Until I left for college, I had lived in one town in South Central Pennsylvania. I hadn’t even travelled, except to visit my parents’ hometowns. When you grow up in one place, one landscape, whatever you’ve experienced is your normal. When something occurs that doesn’t fit with your understanding of the place, it sticks out as an anomaly.
The first European settlers west of the Susquehanna River came in the early 1800s to farm the fertile limestone soils. They were German and Scotch-Irish. These were lands that had been part of the Susquehannock nation, something I was taught as a child. The last Susquehannocks, who themselves had become settled farmers and even adopted Christianity, were massacred in 1763 by the Paxtang Boys, something I was not taught in school and only learned years later. That is an important story that deserves its own telling in due course.
Soon, towns grew in the Cumberland Valley to support agriculture and transportation. During the 19th century, iron furnaces in the region and abundant lumber on the mountains created the raw materials for industrialization and the town was named for the mechanics who set up shop there. First by wagon, then canal boat, then locomotive, this landscape was strategic for settlers crossing the Alleghenies or moving down the Great Valley to Bluegrass country.
In June 1863, my hometown, Mechanicsburg, was the northernmost town captured by Confederate forces. After the Skirmish at Sporting Hill, the Virginia forces pulled back to regroup at Gettysburg, unaware of the fate that awaited them.
After the Civil War, industrialization took off. New people from coastal cities and European countries moved into the area. The population of the town grew decade by decade. By mid-century, suburbanization from Harrisburg, the state capital across the river, brought a new wave of professional workers to the area, including my family. Being born to this place, my own personal Plato’s cave, I accepted the woods, the fields, the town, and the people as normal and logical.
Even as a child I knew a fact about my hometown — it was white, that’s how it was said. What that meant was, but for a few exceptions, the citizens were White or identified as such. The few exceptions I knew were East Asian or South Asian. What we did not have were African American neighbors. As creepy as this would make me feel now, in the ‘70s it did not seem peculiar, or even a result of racism. For all I knew as a teenager it was just the nature of small town Pennsylvania.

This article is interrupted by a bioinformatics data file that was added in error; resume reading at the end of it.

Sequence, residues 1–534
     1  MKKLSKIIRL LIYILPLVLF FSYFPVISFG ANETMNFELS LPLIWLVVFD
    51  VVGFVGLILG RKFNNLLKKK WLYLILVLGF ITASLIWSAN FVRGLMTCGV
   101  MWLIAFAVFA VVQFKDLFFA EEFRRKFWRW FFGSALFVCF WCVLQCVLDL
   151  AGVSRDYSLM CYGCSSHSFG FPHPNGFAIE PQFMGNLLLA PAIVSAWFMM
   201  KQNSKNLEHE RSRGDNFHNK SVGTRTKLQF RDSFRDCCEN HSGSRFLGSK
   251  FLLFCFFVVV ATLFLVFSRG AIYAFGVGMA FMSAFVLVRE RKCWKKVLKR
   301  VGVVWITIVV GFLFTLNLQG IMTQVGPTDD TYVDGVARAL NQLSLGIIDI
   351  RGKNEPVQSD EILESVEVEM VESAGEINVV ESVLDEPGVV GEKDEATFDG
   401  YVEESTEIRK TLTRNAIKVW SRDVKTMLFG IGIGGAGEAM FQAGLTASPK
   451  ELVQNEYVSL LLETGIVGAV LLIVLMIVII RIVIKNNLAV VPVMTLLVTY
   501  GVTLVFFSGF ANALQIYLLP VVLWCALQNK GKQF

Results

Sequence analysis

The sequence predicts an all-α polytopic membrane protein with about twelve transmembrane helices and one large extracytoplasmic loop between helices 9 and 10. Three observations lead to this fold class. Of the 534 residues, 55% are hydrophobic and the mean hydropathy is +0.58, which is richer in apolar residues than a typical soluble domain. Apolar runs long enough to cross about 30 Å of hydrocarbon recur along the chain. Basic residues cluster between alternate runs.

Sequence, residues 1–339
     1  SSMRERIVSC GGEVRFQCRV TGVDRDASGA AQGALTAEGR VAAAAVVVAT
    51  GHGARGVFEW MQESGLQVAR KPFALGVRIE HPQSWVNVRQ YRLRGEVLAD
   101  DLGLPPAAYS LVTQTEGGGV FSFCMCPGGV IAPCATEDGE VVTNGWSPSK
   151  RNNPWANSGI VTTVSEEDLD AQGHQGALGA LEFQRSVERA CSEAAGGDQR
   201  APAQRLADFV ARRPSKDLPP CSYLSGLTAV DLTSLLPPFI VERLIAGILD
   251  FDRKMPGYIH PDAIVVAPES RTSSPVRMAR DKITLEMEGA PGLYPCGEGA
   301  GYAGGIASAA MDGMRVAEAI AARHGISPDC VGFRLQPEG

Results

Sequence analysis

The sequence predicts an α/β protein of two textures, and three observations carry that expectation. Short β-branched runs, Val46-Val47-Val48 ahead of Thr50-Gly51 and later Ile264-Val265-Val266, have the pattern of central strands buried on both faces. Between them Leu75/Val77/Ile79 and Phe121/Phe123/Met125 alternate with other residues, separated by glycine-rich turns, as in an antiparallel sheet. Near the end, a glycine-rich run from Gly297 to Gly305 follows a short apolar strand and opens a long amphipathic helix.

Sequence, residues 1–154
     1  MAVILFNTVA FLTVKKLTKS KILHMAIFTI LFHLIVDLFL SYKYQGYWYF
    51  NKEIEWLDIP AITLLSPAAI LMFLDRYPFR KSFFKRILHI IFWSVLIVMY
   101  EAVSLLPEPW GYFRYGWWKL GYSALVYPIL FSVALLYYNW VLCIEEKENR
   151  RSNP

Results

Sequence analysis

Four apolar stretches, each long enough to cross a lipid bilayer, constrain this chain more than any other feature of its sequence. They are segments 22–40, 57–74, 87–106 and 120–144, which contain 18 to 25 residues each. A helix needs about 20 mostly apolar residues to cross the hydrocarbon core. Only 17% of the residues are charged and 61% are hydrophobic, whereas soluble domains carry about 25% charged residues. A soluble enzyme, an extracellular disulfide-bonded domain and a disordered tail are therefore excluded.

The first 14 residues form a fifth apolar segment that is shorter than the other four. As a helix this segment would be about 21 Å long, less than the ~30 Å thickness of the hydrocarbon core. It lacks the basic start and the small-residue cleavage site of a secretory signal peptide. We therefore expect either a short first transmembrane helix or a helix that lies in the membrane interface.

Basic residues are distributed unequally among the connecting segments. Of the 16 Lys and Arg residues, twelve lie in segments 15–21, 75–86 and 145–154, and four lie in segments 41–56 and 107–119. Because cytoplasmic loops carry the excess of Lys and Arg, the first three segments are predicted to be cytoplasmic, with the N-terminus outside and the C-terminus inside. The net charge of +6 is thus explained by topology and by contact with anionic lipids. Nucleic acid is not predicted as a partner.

But then there was that anomaly — that piece of evidence on a landscape that says your understanding of the place is not complete, or your narrative of how the landscape was created needs to be revisited. These anomalies can come in many forms but they are evidence you cannot deny.
Growing up, you learn about your world by thousands of experiences and thousands of local stories. School friends, whose families went back generations, knew of the Black cemetery outside of town, although I believe at the time we called it the Negro cemetery.
When we were old enough to explore, we went looking for it. We found it out Winding Hill Road. It was like no cemetery I had ever seen before. It sat in a thicket of overgrown woods, fifty yards off the road. From the pavement you would think it was just a copse grown up around a limestone outcrop in the field. A patch where seeds had blown in from hedgerows and grown into a raggedy clump of trees. Underneath, the edges were protected by ramparts of brambles and poison ivy.
Pushing through, we did find stones in the field, but these were not bedrock poking through. Headstones were scattered through the woody patch. Some had been heaved by frost, others flipped over by the root of a black locust. It was hard to tell how many there were, maybe 20, maybe 30. Despite the wild veil of nature, you could tell the graves had been carefully laid out in rows and marked with proper stones. Once this cemetery mattered to someone and was cared for. Although looking at its condition in the ‘70s, it had been many decades since anyone tended it.